The real estate industry is no stranger to crisis. As a sector that heavily relies on in-person interaction, COVID-19 has created noticeable challenges for the industry. However, throughout this uncertainty, we as leaders have learned to find new ways and rise to the occasion to see our businesses progress forward.

Due to low consumer confidence, stay at home orders, and other social distancing measures buying and selling a house became increasingly hard—this, coupled with low interest rates, made for a fluctuating and unpredictable market. 

The Role We Play

As leaders, we’ve been tasked to adapt, motivate our employees, and reassure clients that we’re available and online. Decision-makers must be surrounded by a supportive and forward-thinking team and utilize experience to lead with confidence.  

For many executives, determining the next steps while navigating the unknown is the ultimate struggle. Fortunately, our leadership team collaborated and worked through these issues to come up with solutions. 

Using The Past To Lead The Future

One way to approach these difficult decisions was by reflecting on other professional hurdles I had experienced during the duration of my career. One of which was navigating the housing crash and the other, transitioning our former law firm into our current title agency. Using hindsight to guide my thinking allowed the leadership team and me to navigate the obstacles Covid-19 presented calmly. 

Looking back at these experiences and comparing it to today’s current obstacle, Covid-19, I can’t help but notice certain similarities. The two most significant being the unknown and change.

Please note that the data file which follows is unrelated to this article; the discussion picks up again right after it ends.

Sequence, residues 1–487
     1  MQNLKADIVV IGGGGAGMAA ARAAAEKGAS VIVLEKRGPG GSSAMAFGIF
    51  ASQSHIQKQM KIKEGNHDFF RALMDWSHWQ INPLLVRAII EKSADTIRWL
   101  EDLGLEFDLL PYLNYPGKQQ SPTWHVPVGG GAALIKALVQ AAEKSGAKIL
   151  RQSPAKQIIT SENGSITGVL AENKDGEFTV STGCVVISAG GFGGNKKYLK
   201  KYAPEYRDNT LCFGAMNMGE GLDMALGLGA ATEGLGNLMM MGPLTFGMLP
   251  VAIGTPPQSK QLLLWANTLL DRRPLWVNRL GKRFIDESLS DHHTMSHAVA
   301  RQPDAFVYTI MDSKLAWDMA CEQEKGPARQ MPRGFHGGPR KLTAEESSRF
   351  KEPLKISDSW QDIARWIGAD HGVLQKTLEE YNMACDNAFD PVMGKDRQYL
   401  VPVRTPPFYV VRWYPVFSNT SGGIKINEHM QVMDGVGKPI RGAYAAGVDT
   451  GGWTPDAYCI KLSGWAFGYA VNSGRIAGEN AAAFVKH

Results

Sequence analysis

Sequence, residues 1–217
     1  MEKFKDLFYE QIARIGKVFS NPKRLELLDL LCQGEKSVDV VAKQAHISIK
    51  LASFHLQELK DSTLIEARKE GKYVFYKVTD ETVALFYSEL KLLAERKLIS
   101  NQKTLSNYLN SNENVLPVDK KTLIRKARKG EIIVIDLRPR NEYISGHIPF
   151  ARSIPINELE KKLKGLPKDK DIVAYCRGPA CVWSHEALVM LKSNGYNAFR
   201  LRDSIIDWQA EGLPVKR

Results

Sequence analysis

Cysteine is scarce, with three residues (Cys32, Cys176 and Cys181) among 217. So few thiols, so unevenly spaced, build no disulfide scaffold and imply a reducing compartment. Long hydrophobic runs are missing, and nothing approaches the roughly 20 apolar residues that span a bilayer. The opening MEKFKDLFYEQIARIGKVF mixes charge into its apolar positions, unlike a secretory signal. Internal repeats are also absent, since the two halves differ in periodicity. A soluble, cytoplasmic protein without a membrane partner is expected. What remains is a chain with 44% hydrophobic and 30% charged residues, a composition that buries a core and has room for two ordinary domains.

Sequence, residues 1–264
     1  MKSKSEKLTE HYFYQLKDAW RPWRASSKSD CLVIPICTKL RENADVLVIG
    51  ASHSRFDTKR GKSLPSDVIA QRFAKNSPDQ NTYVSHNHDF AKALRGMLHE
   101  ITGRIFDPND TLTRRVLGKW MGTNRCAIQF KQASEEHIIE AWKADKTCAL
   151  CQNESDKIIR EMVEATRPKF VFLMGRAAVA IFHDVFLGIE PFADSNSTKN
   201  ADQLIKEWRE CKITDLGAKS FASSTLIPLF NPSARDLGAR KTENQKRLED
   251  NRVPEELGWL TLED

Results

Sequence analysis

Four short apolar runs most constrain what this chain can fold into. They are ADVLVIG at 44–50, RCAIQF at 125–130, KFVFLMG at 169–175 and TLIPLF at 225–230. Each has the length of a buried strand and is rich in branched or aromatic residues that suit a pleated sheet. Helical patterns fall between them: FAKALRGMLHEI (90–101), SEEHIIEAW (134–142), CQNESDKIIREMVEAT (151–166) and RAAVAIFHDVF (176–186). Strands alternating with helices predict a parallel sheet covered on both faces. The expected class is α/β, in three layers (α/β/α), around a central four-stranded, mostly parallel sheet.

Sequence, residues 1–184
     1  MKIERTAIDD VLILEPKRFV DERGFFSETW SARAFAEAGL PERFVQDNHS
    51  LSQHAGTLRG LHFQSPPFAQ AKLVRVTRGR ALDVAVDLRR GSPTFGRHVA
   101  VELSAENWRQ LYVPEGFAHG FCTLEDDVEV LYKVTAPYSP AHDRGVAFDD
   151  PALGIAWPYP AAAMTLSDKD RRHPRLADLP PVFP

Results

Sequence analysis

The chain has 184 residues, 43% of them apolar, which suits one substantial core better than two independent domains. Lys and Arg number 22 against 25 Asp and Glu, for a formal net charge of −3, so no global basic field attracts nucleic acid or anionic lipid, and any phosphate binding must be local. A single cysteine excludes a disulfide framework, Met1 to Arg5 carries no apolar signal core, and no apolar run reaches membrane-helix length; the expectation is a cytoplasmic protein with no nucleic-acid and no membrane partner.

Following both the housing market crash and our companies transition, there was a lot of uncertainty, new procedures, and change. For our team to push on today, I’ve leaned on the lessons learned from the past and found value in these three pillars when making decisions. 

1. Communicate 

Our job as a leader is to communicate and overcommunicate to ensure every employee understands their role in moving the business in the right direction. Without proper communication, employees can get off track and not perform to the best of their ability. Inadequate communication is a disservice to your staff and your organization, and to set employees up for success, there can be no confusion. However, another consideration is that communication is and should not be one way, at Patten Title, we value our employees’ feedback. We are always open to recognizing and listening to their insights. This open-door policy has proven successful when tackling an obstacle, big or small.

2. Prepare for Change

Being prepared for changes in the market and embracing the unknown has shown to be valuable. The ability to be flexible and agile during uncertainty allows for an easier adaptation of new policy and eases transitions. The unknown is most challenging to navigate through my experience, but recognizing and being in tune to change is the first step when navigating a crisis. Having back up plans and emergency protocols in place are necessary to combat a crisis when it occurs and being mindful of what do when a disaster strikes not only gives employees peace of mind but also allows businesses to pivot more quickly towards the right solution. 

3. Proceed with Caution

As mentioned, it’s essential to be agile but equally as important to be cautious. Often, employees will look to their company leaders as a voice of reason, so it’s critical to be attentive and not overly bullish when it comes to decision making. During Covid-19, as state sanctions begin to lift, many business leaders are left with tough decisions on their plates, so recognizing the times we live in and heeding warnings is vital to ensuring employees and clients feel safe and valued. 

The impact of communication and comradery play on business during tough times is priceless. With changing laws, new hurdles inhibiting our work, and other questions arising – a strong team is crucial to succeeding. We always strive to put our people first. Through communication, preparedness, and caution, we’ve been able to resolve issues quickly and present solutions that have allowed us to respond and take action during past, current, and future disruptions.